U.S. Supreme Court AMERICAN THEATRE CORPORATION v. U.S. , 430 U.S. 938 (1977)
430 U.S. 938
AMERICAN THEATRE CORPORATION et al.
Supreme Court of the United States
March 21, 1977
On petition for writ of certiorari to the United States Court of Appeals for the Eighth Circuit.
The petition for a writ of certiorari is denied.
Mr. Justice BRENNAN, with whom Mr. Justice STEWART and Mr. Justice MARSHALL join, dissenting.
Petitioners were convicted in the United States District Court for the District of Nebraska of knowingly transporting by common carrier in interstate commerce two obscene films
in violation of 18 U.S.C. 1462. The Court of Appeals for the Eighth Circuit affirmed. 526 F.2d 48 .
Title 18 U.S.C. 1462 provides in pertinent part:
"Whoever brings into the United States, or any place subject to the jurisdiction thereof, or knowingly uses any express company or other common carrier, for carriage in interstate or foreign commerce
"(a) any obscene, lewd, lascivious, or filthy book, pamphlet, picture, motion-picture film, paper, letter, writing, print, or other matter of indecent character; . . .
"Shall be fined no more than $5,000 or imprisoned not more than five years, or both, for the first such offense and shall be fined not more than $10,000 or imprisoned not more than ten years, or both, for each such offense thereafter."
I adhere to my dissent in United States v. Orito, 413 U.S. 139, 147 (1973), in which, speaking of 18 U.S.C. 1462, I expressed the view that "(w)hatever the extent of the Federal Government's power to bar the distribution of allegedly obscene material to juveniles or the offensive exposure of such material to unconsenting adults, the statute before us is clearly overbroad and unconstitutional on its face." Id., at 147-148. For the reasons stated in my dissent in Miller v. California, 413 U.S. 15, 47 d 419 (1973), I would therefore grant certiorari, and, since the judgment of the Court of Appeals for the Eighth Circuit was rendered after Orito, reverse. In that circumstance, I have no occasion to consider whether the other questions presented by petitioners merit plenary review. See Heller v. New York, 413 U.S. 483, 495 (1974) ( BRENNAN, J., dissenting).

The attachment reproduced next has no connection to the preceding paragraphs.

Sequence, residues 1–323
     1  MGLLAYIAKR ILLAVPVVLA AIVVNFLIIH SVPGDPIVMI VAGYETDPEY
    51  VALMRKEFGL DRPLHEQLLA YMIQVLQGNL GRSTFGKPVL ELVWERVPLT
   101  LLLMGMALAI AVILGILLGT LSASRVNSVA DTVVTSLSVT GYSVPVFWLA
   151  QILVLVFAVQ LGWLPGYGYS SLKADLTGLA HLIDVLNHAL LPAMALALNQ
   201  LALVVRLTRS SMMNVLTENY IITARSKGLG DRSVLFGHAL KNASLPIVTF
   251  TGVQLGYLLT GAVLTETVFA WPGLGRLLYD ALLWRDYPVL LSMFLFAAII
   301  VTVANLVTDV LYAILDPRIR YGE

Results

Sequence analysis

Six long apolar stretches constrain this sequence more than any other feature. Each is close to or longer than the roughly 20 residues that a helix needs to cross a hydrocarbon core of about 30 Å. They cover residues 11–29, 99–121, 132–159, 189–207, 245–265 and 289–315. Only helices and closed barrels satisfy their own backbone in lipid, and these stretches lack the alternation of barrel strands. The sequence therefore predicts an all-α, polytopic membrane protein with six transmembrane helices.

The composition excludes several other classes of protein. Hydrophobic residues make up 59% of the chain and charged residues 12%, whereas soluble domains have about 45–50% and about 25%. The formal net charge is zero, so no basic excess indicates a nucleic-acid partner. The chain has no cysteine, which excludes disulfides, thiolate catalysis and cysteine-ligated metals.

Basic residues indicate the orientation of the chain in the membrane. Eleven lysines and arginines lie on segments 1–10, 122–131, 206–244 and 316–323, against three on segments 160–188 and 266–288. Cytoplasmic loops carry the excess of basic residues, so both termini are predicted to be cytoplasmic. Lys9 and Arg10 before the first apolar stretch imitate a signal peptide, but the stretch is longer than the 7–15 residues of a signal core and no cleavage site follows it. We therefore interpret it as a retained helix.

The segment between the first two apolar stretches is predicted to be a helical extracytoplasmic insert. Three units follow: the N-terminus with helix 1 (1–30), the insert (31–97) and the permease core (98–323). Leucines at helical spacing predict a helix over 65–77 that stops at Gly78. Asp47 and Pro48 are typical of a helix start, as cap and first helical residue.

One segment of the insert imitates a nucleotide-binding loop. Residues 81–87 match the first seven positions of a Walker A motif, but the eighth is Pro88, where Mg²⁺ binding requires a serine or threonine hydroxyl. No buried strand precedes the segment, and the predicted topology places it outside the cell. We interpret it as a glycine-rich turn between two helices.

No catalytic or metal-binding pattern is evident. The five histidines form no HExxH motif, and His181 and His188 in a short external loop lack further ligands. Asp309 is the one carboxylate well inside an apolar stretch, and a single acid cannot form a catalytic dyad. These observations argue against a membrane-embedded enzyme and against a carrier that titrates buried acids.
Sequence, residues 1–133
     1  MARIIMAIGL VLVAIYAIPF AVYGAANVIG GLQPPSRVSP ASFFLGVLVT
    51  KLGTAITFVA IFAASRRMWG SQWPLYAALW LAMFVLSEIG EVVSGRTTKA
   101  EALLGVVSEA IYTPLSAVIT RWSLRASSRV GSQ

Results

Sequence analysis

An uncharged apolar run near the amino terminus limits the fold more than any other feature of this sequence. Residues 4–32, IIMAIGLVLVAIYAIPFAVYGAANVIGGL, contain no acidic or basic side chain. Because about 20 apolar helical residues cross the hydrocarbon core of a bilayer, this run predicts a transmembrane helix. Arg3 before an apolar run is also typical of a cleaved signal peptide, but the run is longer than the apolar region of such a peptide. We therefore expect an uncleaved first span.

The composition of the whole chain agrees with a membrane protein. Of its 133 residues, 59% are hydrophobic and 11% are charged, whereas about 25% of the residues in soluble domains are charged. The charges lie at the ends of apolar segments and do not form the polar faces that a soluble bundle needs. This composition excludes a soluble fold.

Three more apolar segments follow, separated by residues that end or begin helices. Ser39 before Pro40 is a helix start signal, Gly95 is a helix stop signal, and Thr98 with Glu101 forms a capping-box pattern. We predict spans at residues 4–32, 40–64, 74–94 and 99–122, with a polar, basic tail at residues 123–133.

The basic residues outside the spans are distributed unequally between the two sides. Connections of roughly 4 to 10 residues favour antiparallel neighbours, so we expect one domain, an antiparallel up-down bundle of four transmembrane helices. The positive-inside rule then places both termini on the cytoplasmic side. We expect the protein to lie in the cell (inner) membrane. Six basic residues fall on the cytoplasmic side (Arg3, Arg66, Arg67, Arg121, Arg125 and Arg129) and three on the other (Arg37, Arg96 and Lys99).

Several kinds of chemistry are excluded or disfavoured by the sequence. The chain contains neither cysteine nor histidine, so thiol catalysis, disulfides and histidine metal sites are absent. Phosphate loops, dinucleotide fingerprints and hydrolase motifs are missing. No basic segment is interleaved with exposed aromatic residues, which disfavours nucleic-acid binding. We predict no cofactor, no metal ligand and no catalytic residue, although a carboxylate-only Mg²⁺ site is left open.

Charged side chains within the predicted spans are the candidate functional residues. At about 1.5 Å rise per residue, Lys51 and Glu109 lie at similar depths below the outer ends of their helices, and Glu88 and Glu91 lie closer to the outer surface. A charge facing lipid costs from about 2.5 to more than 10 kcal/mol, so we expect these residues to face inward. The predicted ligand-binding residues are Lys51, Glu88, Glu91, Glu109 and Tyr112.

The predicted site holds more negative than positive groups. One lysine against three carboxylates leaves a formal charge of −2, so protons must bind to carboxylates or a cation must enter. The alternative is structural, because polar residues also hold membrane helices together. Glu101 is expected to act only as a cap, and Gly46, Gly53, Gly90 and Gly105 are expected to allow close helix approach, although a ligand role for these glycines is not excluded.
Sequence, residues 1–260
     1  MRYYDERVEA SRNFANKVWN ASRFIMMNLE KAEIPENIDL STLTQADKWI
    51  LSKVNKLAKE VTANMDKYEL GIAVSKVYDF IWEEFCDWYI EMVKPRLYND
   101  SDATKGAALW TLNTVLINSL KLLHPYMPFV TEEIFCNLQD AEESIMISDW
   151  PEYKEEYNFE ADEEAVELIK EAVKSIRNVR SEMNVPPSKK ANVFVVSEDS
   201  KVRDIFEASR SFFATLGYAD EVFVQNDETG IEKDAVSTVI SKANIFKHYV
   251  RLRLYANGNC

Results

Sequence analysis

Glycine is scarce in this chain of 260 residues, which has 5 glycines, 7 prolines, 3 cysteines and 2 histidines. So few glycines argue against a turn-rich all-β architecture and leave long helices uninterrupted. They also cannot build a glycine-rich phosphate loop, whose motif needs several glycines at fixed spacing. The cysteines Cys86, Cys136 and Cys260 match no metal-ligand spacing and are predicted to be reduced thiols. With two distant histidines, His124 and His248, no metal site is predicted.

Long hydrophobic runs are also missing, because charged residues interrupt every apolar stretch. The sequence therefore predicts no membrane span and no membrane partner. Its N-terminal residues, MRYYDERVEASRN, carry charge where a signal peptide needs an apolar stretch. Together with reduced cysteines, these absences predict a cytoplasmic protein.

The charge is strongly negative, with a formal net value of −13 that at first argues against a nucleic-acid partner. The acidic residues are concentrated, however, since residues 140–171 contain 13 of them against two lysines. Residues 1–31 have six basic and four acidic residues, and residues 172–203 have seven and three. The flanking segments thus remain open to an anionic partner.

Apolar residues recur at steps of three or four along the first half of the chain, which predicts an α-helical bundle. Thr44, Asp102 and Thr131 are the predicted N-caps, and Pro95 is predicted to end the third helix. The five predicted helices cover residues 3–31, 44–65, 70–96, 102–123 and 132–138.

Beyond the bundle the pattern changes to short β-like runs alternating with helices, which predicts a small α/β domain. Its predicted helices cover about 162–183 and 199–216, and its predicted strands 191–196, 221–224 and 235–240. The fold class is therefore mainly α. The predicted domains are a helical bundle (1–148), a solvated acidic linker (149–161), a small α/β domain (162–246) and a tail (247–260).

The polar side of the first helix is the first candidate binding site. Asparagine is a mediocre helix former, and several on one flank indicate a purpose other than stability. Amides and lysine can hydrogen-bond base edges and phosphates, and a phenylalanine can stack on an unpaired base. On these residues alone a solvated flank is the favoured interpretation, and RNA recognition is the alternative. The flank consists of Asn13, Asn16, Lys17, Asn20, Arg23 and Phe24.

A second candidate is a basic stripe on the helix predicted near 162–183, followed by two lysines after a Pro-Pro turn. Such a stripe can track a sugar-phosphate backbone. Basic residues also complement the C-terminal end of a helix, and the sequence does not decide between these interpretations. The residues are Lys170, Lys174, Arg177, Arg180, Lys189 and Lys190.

Finally, it does not appear from the petition and response that the obscenity of the disputed materials was adjudged by applying local community standards. Based on my dissent
in Hamling v. United States,
418 U.S. 87, 141
(1974), I believe that, consistent with the Due Process Clause, petitioners must be given an opportunity to have their case decided on, and introduce evidence relevant to, the legal standard upon which their convictions have ultimately come to depend. Thus, even on its own terms, the Court should vacate the judgment below and remand for a determination whether petitioners should be afforded a new trial under local community standards.